He added: "They'll cheat you yet, those Germans."
How bloody true is that?
 
#13
Do I see a bit of UNAUTHORISED SCRIM on that pic of him at Swampy's avatar? Tsch - we have standards for that sort of thing now. AND, I wonder if he was in date with his TOETs and APWT on the Bren. Or am I taking this line a little too far now?
 
#15
Upham was so hard he called Paras hats!
He was so hard he would have called Chuck norris a bit of an effete, thespian pansy but because Upham was a gent he didn't. He did, however, blackball Chuck for the club because he had a beard.
 
#16
Cuddles ok but he father was a Brit and went to NZ to practice as a solicitor there. So British father anyway. I'm thinking Dad was probably a bit of a tough guy as well somehow.
It is true to say the acorn does not often fall far from the tree!

FYI "The son of a civil servant, John Hazlitt Upham was born in London in 1867 and educated in England and France. After working on a Queensland sugar plantation he visited his older brother, the much-loved Winchester Street, Lyttelton doctor, Charles Hazlitt Upham (1863-1950). John stayed on in Canterbury, graduating in Law from Canterbury University College in 1902. He married Agatha Mary Coates, grand daughter of William Guise Brittan, two years later.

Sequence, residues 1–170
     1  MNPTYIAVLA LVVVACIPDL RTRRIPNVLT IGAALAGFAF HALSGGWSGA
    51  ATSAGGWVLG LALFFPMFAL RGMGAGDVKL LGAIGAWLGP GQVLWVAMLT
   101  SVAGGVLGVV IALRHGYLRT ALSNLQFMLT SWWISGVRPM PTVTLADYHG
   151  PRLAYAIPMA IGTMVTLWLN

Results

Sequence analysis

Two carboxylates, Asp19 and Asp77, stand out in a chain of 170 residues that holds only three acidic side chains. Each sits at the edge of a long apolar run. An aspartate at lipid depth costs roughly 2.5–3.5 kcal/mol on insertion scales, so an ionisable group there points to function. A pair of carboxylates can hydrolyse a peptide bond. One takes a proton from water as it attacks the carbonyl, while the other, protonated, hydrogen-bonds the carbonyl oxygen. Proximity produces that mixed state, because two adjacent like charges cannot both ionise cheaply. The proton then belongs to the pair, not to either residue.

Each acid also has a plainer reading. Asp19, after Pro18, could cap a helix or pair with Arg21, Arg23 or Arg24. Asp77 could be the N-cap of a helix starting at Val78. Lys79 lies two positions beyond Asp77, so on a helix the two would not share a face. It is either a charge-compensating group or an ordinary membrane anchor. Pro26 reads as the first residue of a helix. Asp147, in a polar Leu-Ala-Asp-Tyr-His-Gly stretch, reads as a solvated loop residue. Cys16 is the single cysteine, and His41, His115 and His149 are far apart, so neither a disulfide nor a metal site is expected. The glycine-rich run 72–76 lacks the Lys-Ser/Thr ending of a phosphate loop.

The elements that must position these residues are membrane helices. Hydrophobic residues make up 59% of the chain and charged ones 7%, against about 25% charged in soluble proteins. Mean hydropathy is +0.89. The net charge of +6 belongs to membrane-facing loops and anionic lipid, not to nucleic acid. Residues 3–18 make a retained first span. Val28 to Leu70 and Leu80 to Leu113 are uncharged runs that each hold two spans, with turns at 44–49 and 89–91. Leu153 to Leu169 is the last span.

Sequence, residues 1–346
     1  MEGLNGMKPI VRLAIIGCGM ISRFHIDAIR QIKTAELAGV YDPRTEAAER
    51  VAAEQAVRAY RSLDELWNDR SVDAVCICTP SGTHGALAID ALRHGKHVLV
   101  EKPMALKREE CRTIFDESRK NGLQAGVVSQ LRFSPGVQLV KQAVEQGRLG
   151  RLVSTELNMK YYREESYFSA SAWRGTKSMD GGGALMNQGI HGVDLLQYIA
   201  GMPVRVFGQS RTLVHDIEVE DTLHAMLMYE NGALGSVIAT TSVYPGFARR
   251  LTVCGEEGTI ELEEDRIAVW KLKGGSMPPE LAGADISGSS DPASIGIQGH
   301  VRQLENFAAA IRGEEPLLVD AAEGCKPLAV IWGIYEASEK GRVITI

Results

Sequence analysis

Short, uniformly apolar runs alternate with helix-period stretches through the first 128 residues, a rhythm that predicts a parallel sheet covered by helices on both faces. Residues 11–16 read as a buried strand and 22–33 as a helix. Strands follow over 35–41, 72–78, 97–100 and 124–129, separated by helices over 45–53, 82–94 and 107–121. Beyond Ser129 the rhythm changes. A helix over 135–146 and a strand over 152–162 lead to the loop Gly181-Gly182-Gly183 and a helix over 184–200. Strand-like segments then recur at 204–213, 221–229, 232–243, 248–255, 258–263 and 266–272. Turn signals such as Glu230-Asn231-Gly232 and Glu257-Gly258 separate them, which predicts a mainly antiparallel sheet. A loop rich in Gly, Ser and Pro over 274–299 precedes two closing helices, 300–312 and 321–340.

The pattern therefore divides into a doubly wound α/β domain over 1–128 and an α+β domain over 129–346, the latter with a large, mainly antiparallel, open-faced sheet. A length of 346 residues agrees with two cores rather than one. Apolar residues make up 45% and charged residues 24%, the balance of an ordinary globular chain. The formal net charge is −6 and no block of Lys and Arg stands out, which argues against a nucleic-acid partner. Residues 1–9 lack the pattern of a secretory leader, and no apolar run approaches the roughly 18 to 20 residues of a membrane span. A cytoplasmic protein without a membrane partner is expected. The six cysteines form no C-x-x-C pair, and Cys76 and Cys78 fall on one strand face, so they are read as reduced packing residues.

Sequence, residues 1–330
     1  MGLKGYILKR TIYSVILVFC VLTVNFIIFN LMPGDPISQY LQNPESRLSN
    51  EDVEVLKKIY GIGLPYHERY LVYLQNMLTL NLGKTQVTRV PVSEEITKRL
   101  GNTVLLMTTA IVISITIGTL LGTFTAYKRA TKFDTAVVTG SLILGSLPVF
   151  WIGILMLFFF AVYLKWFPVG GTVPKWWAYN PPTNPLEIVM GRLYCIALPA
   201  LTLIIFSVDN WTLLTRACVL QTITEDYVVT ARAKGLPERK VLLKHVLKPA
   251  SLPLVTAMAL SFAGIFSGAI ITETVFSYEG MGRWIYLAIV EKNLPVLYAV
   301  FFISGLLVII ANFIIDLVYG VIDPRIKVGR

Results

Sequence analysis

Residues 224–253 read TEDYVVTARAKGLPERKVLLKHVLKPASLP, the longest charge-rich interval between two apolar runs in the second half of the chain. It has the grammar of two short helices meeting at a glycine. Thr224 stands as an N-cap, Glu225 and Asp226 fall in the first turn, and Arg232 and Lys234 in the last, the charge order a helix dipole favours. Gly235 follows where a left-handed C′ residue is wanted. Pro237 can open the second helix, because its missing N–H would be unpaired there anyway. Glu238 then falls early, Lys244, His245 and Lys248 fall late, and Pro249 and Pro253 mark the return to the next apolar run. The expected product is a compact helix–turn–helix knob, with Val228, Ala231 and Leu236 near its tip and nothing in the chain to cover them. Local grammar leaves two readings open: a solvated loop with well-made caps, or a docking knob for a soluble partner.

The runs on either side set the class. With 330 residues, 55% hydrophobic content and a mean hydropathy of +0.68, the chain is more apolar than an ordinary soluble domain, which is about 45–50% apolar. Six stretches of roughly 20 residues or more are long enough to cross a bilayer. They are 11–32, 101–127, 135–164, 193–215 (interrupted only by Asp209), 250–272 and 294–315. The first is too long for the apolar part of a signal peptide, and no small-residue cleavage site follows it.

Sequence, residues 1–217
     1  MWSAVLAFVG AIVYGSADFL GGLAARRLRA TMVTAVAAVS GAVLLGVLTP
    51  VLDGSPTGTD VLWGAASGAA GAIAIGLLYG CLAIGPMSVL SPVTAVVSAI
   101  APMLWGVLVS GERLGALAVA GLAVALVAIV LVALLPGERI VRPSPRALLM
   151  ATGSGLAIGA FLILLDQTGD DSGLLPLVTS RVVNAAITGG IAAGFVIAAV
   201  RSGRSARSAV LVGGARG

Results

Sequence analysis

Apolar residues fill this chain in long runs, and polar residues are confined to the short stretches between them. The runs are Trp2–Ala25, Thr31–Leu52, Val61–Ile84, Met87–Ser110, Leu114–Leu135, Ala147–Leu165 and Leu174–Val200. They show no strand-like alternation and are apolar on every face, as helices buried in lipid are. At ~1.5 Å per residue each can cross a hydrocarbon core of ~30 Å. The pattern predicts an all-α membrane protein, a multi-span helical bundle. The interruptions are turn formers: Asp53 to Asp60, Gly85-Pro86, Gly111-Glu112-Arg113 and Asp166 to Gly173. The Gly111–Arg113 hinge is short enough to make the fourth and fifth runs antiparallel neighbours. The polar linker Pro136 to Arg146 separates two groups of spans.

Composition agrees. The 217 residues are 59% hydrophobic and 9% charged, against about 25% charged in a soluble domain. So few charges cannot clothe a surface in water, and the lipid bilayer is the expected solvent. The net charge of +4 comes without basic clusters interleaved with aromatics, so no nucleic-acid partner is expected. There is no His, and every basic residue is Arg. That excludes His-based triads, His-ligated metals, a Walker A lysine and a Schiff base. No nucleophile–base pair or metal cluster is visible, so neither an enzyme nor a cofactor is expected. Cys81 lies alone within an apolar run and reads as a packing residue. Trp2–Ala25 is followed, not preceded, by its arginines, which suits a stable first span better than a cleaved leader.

Upham eventually became a partner in the legal practice of Harper, Pascoe, Buchanan and Upham, which in 2008 is known as Anthony Harper and Company. He retired in 1949 and after a short illness, died on the 12th of June 1951. Seventeen years his junior John Upham's wife lived on until 1975, dying at the age of 91."
 
#18
The credit goes to the son indeed but the pride I am sure was all John Hazlitt Upham's. I imagine he didn't have to put his hand in his pocket at the club for a number of weeks when the first Cross was awarded and for several more for the bar!